AUGUST, 2009
Submitted by   Stephanie Johnson, Mohawk parent



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What to do with all those leaves?

It depends on how many you have on the ground.  But whatever you do, don’t throw them away- they contain riches for your yard!

“A light layer of leaves can simply be mowed over, thus returning the tidbits to the yard’s soil as organic matter.”  It is free fertilizer for grass and trees.

But what can you do with the thick layers and piles of them?  Rake piled leaves onto a large tarp and drag to a leaf pen made from plastic garden fencing or plastic hardware cloth secured to a few upright stakes. After each newly-added load, stomp them down and add some water.  Leave one side of the pen open until the end of the leaf season so you can rake or blow them right into the pen without lifting heavy loads of them.  When you run out of leaves, seal off the pen and let Nature run its course.  Autumn rains, winter snow and spring rains will give your leaf piles the additional water they need.

The next fall, you will find that these leaves have turned into rich organic matter.* The outer layer may look like dry leaves, but fear not.  Inside is what many call “gold” for your garden.  Work it into your soil and use it like mulch- it will help retain moisture.  Also, substitute it for peat moss in any garden project. And finally, enrich the soil in any part of your yard- flower beds and vegetable gardens alike will benefit!

[*If you want to speed up the process so that you can use the organic matter in May, start the following in March: chop (with a hoe) or turn your leaf pile, and water it occasionally. The increase in air and moisture will speed up the decomposition process.]

Sources:  The Complete Compost Gardening Guide, by Barbara Pleasant and Deborah L. Martin


Submitted by MaryEllen St.Angelo, Carmel Elementary, July 7, 2009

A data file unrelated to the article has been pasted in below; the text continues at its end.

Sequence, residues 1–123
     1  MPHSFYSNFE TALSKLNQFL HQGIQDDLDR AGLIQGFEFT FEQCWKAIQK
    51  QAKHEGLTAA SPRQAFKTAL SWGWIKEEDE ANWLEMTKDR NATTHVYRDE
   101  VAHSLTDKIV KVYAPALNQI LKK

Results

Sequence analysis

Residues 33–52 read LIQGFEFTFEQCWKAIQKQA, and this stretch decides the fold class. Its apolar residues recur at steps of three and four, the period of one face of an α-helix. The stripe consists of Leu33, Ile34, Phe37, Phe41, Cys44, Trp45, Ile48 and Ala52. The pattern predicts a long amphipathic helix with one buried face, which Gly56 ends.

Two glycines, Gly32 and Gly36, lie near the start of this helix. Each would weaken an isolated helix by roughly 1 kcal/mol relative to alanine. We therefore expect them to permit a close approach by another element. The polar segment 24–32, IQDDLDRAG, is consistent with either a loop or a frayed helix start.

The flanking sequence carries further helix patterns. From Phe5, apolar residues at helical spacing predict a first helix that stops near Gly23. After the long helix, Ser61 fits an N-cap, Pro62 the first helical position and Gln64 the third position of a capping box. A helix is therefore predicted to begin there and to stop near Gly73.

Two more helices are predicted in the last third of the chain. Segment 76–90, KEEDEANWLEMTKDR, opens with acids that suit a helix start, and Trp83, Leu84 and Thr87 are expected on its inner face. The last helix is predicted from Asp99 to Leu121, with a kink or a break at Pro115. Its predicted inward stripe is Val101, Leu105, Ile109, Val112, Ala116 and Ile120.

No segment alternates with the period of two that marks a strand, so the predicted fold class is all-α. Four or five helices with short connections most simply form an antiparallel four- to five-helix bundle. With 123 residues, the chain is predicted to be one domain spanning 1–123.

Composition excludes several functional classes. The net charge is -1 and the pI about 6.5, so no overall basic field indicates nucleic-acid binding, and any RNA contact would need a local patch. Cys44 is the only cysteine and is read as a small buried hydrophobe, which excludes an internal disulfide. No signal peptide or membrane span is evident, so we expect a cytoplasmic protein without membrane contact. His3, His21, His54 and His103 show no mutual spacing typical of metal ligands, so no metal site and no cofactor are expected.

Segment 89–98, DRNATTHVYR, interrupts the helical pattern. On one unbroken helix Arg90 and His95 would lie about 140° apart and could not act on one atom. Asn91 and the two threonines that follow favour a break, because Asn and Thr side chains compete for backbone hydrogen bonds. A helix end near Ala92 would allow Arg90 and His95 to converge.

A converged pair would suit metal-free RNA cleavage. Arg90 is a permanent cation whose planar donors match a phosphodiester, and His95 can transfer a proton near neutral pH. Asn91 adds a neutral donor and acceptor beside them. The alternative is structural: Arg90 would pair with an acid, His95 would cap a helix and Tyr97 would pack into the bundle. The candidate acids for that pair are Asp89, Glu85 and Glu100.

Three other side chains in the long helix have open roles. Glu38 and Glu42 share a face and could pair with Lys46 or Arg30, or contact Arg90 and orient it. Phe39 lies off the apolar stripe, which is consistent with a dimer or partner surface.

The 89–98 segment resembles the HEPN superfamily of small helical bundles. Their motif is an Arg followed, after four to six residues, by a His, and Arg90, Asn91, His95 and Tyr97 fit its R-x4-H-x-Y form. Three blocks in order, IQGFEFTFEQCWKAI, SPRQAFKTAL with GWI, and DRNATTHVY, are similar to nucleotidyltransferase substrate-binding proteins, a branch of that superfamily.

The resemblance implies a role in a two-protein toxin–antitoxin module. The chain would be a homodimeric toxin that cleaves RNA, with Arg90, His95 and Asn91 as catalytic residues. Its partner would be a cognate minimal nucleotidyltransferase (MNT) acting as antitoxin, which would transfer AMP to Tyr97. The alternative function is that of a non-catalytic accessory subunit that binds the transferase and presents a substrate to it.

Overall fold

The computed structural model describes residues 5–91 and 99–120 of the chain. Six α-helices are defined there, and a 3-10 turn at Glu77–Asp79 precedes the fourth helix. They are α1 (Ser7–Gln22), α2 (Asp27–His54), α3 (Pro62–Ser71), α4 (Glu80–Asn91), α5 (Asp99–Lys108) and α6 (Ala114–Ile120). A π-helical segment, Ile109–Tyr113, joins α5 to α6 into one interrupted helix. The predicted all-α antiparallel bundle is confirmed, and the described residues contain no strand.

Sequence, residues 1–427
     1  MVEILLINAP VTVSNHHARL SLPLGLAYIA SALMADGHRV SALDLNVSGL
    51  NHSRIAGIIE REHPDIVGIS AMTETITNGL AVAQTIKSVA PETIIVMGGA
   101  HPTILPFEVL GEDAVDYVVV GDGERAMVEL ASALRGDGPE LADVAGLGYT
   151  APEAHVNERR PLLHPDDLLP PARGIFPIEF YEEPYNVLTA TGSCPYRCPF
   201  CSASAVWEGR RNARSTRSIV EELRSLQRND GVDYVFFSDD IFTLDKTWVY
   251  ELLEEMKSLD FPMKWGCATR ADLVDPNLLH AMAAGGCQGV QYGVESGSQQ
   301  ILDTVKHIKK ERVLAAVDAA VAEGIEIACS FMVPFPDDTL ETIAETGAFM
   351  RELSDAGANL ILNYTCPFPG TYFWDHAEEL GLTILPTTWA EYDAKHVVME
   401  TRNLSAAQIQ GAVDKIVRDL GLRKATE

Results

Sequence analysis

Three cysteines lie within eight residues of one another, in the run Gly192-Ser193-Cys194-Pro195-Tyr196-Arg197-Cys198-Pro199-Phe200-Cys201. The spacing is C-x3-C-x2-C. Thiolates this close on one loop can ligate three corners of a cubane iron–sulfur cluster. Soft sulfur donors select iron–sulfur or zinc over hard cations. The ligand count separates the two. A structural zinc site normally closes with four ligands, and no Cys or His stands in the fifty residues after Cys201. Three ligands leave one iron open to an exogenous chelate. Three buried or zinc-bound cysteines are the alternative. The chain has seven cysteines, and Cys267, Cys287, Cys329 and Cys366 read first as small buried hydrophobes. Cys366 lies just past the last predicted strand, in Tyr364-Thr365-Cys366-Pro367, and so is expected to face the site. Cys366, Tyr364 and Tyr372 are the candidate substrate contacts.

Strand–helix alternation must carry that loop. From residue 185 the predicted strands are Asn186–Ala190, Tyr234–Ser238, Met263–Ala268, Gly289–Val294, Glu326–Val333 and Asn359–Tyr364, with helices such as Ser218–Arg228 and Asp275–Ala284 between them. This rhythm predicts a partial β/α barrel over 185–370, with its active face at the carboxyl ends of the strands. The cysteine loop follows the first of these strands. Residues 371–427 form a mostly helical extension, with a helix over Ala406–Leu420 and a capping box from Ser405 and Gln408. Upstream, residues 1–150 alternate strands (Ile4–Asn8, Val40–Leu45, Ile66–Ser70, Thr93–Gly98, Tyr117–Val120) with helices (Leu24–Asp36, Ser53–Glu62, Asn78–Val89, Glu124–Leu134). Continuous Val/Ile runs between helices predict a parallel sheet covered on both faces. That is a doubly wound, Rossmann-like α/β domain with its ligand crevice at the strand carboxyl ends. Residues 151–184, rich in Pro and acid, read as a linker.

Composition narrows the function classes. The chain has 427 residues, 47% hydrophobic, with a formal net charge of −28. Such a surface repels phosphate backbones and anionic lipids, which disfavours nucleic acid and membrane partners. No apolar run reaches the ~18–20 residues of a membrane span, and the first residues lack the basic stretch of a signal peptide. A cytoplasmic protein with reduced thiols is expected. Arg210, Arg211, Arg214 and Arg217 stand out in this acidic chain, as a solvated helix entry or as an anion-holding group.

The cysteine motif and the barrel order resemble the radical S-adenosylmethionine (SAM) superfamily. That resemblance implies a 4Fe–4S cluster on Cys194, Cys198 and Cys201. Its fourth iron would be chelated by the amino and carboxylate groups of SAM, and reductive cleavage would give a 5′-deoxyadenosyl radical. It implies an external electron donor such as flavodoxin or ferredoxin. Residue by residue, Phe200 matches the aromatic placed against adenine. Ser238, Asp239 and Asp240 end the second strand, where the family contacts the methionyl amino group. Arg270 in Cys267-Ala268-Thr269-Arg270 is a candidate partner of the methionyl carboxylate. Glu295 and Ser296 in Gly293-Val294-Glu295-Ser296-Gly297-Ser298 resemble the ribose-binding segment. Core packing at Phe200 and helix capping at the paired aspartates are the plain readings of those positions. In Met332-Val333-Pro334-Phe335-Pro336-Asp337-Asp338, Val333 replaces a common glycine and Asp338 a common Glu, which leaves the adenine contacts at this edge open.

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How to Save Water This Summer

Newsletter Heading:  Is Your Lawn Eco-Friendly?

Did you know that the average Carmel household uses 22,000 gallons of water a month in the summer? Where does all this water go?  A lot of it goes to water your lawn.  It takes a considerable amount of energy and resources to deliver this water. So your lawn may not be as “green” as it looks.  In 2007, the City of Carmel used roughly three billion gallons of water.  The energy used to pump and treat this water produced over 26 million lbs of CO2, a greenhouse gas.

How can you have an eco-friendly lawn?  Your lawn only needs about 1” of water a week.  Buy a rain gauge, or simply use an empty tuna can, to track how much rain or irrigation your yard receives.  Adjust your lawnmower to a height of three inches or more.  Taller grass encourages deeper roots and shades the soil to reduce moisture loss.  Aerate your lawn so water will reach the roots rather than run off the surface.  Apply the minimum amount of fertilizer needed.  While fertilizers promote plant growth, they also increase water consumption. Watering only when your grass really needs it encourages the roots to grow deeper, but only if you apply enough water to penetrate the root zone. Water your lawn in the morning between 4 a.m. and 8 a.m. when the air is still cool and the wind is calm. Overwatering your lawn isn’t just bad for your pocketbook and the planet, it’s also bad for your lawn’s health and can contribute to the development of fungus and disease.  And by all means, avoid watering the street and sidewalk!


City of Carmel Utilities, 571-2673

JUNE 2009
Submitted by Leslie Webb, CHS parent
Proof-read by Michelle Whited, Orchard Park parent



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Waste Free Lunches

Did you know that a child taking a disposable lunch to school creates an average of 67 pounds of lunch waste annually?    Are you interested in ways to make your child’s lunch waste-free?

  1. Start with a reusable lunchbox, backpack, or brief case.  Avoid disposable plastic and paper bags.
  2. Pack your food in reusable containers.  Avoid plastic bags, plastic wrap, aluminum foil, and prepackaged foods whenever possible.
  3. Include a drink in a refillable bottle.  Avoid single-use juice boxes, drink bottles, cans, and pouches whenever you can.
  4. Use reusable utensils instead of disposable utensils.